Rick Shelley, |
Spec Ops Squad:
Sucker Punch is the third in the Spec Ops Squad series, which takes us into the future where a major war is ongoing between the Alliance of Light and the Ilion Federation. People travel between planets as we now travel between cities, and military troops are seeing crippling action. The books focus on the Special Operations Unit of the Ranger Battalion, 1st Combined Regiment, which is permanently stationed at Fort Campbell, Kentucky. It's a unit in which Earthlings fight alongside aliens as friends and buddies.
Sucker Punch is written in the voice of Bart "Dragon" Drak, a buck sergeant in the squad. He's a squad leader with an ambition for telling the truth about the war. The book begins just after a battle on Olviat really messed the unit. They suffered tremendous losses and were sent back to Earth to rest, recuperate and train replacement troops. Drak begins his story a few days after their return home.
The troops spend a few weeks kicking back and enjoying the rest while the military shuffles replacements into vacancies. The process is complicated because there are several species that have to be indoctrinated to the unit and to Ranger routines. Then, standard training begins. The training maneuvers are almost as excruciating as the war, with accidental deaths and injuries high among the new troops. Before the unit is functioning smoothly at normal performance level, they are needed to protect an experimental colony on the planet Unity.
Unity has no military. The Rangers are sent to establish a post, recruit a militia from among colony residents and train them to defend their colony. Before they can really begin their mission, the Ilion Federation attacks the colony. The Rangers must function as a cohesive unit, despite their new replacements. Can these troops get their act together and save the colony?
I found this book especially interesting because I was stationed at Fort Campbell, Ky., and stabilized (not allowed to rotate to other duty stations) because I was in a critically shorted job and was considered "mission essential." For me, reading this book was like having a glimpse of the future of my old unit. It was an intriguing take on where the Spec Ops will be headed in the future. It is a book that I think most troops would find fascinating!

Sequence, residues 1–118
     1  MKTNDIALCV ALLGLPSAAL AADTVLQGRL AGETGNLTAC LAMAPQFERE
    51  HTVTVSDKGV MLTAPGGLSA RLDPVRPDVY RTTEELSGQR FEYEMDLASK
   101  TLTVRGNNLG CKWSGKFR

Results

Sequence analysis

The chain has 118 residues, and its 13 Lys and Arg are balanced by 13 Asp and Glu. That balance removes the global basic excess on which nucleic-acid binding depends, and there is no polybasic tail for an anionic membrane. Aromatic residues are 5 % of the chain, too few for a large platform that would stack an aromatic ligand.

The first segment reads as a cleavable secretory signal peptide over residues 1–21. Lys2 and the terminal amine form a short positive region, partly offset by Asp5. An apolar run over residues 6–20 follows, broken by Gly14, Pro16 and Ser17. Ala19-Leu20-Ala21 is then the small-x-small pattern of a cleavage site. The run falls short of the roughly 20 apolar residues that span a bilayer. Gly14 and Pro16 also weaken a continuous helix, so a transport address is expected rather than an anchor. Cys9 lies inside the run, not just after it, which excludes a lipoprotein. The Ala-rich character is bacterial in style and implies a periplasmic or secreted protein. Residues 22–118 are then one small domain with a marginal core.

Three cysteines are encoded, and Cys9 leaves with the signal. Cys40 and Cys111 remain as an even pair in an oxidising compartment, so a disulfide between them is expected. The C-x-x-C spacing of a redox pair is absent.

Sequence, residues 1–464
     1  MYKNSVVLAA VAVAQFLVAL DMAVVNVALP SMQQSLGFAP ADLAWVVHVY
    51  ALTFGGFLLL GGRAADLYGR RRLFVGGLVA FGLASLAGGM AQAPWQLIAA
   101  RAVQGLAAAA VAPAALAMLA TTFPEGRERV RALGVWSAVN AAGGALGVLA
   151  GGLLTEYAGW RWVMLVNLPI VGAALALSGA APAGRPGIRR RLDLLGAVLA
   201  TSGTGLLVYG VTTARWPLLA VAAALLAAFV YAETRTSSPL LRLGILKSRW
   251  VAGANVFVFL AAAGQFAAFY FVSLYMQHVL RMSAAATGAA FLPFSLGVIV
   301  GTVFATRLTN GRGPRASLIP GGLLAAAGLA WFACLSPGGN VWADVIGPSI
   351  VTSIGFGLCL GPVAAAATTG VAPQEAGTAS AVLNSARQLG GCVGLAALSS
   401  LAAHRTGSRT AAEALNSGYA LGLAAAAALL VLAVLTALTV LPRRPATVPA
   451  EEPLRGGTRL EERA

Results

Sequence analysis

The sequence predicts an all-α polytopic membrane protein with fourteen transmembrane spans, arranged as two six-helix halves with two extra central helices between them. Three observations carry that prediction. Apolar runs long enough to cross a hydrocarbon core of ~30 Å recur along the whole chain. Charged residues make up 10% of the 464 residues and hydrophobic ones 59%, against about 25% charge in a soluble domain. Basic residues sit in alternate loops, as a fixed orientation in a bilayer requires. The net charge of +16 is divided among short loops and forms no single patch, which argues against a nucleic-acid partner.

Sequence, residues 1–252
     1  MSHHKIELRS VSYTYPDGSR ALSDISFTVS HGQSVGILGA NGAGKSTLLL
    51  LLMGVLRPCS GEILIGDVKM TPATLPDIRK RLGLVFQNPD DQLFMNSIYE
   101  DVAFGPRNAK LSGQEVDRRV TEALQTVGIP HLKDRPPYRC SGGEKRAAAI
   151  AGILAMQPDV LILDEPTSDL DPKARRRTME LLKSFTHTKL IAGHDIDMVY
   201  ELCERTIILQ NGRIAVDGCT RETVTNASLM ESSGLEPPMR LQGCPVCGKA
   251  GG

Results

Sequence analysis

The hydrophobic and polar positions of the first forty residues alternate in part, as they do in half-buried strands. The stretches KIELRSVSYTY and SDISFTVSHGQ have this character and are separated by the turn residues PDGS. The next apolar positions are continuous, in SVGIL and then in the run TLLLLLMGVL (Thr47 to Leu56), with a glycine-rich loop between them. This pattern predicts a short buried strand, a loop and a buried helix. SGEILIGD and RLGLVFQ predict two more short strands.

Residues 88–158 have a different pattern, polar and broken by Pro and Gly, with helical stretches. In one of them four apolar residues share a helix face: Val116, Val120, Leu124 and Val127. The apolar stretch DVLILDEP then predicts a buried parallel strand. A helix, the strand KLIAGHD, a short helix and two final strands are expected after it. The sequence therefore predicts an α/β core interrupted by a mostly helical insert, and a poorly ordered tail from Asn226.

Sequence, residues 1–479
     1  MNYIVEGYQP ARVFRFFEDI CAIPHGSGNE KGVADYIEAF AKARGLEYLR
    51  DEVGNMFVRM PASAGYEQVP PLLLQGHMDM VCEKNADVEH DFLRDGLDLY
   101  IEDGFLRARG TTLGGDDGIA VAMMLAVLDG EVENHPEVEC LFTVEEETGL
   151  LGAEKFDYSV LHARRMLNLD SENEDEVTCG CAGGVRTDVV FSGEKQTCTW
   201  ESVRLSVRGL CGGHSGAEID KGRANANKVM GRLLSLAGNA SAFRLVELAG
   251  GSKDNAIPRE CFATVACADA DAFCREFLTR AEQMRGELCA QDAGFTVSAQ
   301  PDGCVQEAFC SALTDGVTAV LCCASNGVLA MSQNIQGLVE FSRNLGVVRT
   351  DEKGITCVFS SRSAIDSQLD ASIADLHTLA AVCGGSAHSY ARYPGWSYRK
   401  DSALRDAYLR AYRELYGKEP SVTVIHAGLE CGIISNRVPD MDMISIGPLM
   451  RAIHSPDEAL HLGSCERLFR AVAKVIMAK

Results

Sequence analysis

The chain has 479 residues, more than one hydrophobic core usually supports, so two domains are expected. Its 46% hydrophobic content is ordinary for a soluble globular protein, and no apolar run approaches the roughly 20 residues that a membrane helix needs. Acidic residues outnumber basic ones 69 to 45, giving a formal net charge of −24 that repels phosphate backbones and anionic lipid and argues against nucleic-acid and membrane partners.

The plot is fantastic. The storyline is strong and has all the elements for a great story. But the voice of Bart Drak does not fit with the character he portrays. Nothing about him sounds like a buck sergeant in a Ranger unit. I do realize that people will be different in the future. We will change. But let's face it, folks, the troops of the 101st Airborne Division are still using the same phrases that were used when the first paratroopers jumped. It is considered "heritage, honor, glory and history" of the unit. The traditions are passed down from one generation of troops to the next. They are painted on the walls of the hallways! Units have "mottos" and "call and answer" sayings. None of this fits with Bart Drak. This character seems to have been created by a person with no military background or knowledge of troops.
An example is when Drak is talking about fireworks going off, shortly after he returns to Earth and is dealing with post-war trauma. Yet he says that when the fireworks went off it gave him "a bad minute." A bad minute? Oh, please! It would have taken more than a minute for anybody standing within an arm's reach of him to be secure with their lives.
Strangely enough, Tonio Xeres, the first platoon sergeant, seems much more credible in his role. This left me wondering if the author was purposely trying to create Drak's character as understated and dry. Regardless, I could never establish if it was on purpose or accidental. Drak just did not live up to his role.
Still, it is a great book and one that most people will enjoy. You will enjoy it more if you have never been in a hardcore unit of the military.